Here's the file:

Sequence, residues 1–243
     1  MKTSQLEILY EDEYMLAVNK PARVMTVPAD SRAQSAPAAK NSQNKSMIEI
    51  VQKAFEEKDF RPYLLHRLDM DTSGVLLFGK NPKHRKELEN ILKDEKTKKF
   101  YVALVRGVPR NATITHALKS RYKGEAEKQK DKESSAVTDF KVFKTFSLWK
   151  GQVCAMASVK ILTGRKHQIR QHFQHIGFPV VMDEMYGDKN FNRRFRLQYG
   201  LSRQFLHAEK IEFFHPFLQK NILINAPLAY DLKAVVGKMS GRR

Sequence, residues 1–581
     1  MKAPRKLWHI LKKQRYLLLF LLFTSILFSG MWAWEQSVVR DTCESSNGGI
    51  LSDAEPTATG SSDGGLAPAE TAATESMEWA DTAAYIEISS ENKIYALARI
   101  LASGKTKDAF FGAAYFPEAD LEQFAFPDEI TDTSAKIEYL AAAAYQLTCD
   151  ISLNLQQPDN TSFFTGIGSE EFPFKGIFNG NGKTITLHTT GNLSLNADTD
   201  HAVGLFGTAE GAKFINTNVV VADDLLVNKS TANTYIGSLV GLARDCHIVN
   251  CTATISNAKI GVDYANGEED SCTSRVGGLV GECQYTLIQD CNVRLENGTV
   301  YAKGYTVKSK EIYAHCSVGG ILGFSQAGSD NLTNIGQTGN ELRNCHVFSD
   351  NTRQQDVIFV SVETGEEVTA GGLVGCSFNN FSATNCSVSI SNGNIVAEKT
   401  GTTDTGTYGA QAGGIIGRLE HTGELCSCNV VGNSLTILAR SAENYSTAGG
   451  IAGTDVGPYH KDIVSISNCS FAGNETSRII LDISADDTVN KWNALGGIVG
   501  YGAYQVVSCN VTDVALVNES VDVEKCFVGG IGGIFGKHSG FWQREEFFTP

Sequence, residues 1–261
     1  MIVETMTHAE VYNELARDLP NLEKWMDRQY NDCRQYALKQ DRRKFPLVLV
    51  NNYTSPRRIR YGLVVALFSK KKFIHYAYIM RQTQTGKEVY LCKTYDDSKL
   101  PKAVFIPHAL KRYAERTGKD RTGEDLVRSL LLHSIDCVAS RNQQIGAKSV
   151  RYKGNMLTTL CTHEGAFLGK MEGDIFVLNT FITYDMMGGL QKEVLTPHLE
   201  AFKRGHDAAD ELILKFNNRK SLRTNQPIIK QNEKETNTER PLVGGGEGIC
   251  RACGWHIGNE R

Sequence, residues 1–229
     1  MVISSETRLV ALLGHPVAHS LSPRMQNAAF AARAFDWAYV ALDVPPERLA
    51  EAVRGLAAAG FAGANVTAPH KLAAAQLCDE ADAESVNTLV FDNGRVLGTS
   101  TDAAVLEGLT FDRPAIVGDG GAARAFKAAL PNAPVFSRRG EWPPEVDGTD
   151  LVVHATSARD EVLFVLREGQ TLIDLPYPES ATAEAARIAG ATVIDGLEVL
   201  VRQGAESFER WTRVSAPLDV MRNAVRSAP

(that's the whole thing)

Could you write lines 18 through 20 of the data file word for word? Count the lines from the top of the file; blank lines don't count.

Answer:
   501  YGAYQVVSCN VTDVALVNES VDVEKCFVGG IGGIFGKHSG FWQREEFFTP

Sequence, residues 1–261
     1  MIVETMTHAE VYNELARDLP NLEKWMDRQY NDCRQYALKQ DRRKFPLVLV